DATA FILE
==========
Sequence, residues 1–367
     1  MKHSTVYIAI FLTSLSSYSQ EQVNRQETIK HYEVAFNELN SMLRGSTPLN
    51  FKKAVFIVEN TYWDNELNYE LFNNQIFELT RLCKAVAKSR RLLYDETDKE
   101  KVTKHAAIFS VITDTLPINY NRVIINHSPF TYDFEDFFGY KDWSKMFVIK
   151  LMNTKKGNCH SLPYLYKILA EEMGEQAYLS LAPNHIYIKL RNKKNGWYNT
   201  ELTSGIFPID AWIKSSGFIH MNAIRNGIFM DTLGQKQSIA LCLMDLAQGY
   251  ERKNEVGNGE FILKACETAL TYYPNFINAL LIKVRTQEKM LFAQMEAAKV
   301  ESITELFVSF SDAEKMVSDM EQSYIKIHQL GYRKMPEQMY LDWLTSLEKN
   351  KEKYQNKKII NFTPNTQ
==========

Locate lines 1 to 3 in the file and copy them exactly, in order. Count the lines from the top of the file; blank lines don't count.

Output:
Sequence, residues 1–367
     1  MKHSTVYIAI FLTSLSSYSQ EQVNRQETIK HYEVAFNELN SMLRGSTPLN
    51  FKKAVFIVEN TYWDNELNYE LFNNQIFELT RLCKAVAKSR RLLYDETDKE